The Human Factor in Cybersecurityemployee_training_436x270

The weakest point of entry into your computer network is your all too human employees.  The study found that 31% of cyber attacks start out from “unintended disclosures.”  Usually what has happened is that an employee has read and responded to some sort of clever phishing email, and provided user credentials to the network.  Another 24% were due to the loss of paper records, which can happen through dumpster-diving, or outright theft from an unlocked car or unattended desk.

The solution to this problem only comes through a thorough training program, and an established set of information security policies which define how information is stored, transmitted, and ultimately destroyed.  From this beginning most small businesses can significantly reduce the number and severity of computer security incidences, from simply avoiding the cost of removing malware from infected systems, to larger issues such as securing financial, proprietary, and customer information.

This sort of training is available, and may offer a better ROI than investing in a bunch of security hardware devices.  Remember, most firewalls will not block a request coming from inside the network perimeter, and in many cases will allow a response to that request, even it is directed to a cyber-criminal’s command and control server.  Training, and regular retraining, is the best way to harden the human perimeter in your company.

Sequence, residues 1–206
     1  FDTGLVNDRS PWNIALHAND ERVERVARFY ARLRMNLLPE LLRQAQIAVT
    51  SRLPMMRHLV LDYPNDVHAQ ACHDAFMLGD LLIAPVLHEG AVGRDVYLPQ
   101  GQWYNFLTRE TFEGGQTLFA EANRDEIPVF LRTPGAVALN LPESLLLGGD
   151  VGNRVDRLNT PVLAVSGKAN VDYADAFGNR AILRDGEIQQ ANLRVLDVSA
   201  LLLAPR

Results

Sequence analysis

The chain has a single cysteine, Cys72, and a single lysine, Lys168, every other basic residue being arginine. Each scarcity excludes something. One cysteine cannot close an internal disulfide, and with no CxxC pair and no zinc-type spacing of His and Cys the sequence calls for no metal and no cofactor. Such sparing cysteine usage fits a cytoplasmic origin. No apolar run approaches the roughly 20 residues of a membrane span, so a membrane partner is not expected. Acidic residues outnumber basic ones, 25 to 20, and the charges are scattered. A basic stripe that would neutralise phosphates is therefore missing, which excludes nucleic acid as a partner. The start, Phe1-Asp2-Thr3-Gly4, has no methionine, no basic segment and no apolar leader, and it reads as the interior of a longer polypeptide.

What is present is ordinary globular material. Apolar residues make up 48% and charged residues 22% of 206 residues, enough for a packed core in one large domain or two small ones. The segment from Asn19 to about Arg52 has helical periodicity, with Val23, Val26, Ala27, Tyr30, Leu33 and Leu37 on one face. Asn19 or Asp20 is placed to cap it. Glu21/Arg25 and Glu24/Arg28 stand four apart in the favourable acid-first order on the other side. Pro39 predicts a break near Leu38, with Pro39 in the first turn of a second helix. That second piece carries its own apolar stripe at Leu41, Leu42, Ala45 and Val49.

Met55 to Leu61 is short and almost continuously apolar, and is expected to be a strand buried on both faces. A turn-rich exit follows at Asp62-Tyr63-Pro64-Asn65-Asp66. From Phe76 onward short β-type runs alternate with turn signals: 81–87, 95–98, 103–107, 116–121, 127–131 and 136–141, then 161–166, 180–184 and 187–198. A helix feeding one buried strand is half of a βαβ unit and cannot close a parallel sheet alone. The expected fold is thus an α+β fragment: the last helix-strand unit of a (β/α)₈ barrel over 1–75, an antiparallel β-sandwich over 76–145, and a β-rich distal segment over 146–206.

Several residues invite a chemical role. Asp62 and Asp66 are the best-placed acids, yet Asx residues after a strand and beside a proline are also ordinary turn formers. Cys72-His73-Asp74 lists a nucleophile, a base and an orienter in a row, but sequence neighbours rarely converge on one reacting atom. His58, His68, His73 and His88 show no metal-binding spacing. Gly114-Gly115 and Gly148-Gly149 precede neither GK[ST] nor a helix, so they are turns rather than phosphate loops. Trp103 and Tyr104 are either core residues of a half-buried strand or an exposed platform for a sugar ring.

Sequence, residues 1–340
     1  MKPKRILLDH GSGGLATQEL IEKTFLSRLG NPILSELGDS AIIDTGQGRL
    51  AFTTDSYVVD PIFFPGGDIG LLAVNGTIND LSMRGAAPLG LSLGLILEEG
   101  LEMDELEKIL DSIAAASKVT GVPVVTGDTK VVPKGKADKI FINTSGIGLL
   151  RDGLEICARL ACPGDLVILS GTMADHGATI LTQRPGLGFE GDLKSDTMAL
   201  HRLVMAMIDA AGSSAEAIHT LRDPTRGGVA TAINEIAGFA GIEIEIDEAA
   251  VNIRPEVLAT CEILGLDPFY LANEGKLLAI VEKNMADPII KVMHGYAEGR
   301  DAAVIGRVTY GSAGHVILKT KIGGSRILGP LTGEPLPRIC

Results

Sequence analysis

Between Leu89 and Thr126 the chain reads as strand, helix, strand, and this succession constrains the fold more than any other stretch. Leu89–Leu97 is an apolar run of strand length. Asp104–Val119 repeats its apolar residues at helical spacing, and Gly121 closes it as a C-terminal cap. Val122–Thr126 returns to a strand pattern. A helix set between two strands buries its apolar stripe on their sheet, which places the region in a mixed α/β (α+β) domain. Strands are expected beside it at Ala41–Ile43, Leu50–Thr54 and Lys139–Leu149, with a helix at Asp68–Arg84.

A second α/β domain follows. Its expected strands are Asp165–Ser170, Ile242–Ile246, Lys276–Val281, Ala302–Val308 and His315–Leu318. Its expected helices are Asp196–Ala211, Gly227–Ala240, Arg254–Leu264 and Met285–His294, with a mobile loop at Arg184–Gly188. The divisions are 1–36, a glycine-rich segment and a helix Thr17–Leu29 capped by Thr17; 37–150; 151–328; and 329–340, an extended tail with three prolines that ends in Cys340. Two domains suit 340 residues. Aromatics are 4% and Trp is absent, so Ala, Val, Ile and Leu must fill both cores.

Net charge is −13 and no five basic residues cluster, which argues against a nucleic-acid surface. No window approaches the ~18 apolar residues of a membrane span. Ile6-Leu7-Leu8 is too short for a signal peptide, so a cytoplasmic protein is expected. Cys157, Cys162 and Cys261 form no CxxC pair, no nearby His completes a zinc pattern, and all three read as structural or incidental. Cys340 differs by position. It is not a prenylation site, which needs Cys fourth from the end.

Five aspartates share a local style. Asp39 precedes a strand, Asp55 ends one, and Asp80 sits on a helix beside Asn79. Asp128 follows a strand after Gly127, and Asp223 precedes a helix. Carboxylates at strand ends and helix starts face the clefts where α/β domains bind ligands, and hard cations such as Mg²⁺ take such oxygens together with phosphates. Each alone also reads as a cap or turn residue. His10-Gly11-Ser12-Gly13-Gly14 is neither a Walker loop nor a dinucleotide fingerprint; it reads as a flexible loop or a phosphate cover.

CIT Cybersecurity can provide the security awareness training your employees need.  We also can provide a wide variety of other computer training .  Call us at 651 255-5773 for more information.

Topics can be customized for the client and can include:

  • Email Use and security
  • Proper care and handling of security credentials, such as passwords
  • Safe use of Web Browsers and the Internet
  • Social engineering
  • Online banking security
  • Security incident response
  • Corporate security policies
  • The organization’s security program
  • Regulatory compliance requirements for the organization
  • Acceptable computing resource use
  • Business continuity and disaster recovery
  • Risk assessment
  • Data classification and personal or client information handling
  • Personnel security, safety, and soundness
  • Physical security
  • Accidents, errors, or omissions